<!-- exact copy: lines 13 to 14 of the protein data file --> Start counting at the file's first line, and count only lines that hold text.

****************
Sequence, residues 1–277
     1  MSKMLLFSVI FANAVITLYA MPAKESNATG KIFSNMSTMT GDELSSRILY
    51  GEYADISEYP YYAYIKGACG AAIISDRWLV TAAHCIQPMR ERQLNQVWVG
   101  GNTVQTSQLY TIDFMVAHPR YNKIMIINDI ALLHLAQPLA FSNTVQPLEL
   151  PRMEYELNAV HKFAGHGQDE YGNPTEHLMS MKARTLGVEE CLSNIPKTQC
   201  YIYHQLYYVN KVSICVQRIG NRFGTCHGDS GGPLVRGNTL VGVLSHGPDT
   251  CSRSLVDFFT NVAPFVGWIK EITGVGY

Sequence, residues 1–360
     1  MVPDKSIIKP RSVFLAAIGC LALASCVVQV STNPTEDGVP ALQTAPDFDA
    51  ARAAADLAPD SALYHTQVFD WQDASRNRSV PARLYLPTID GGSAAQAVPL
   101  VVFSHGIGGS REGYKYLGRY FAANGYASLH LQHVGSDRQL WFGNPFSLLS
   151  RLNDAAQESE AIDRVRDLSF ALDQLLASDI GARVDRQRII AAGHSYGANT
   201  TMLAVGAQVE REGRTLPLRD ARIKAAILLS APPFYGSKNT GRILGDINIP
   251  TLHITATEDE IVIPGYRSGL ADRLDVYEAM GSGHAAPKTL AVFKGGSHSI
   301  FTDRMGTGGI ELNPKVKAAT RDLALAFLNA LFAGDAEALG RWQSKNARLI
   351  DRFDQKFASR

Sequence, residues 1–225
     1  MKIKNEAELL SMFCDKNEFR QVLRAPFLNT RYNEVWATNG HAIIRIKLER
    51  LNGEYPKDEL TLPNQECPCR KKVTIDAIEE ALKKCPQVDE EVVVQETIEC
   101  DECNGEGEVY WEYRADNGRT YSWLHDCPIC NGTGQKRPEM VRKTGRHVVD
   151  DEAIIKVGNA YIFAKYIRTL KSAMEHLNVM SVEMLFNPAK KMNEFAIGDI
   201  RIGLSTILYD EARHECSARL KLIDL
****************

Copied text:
   201  TMLAVGAQVE REGRTLPLRD ARIKAAILLS APPFYGSKNT GRILGDINIP
   251  TLHITATEDE IVIPGYRSGL ADRLDVYEAM GSGHAAPKTL AVFKGGSHSI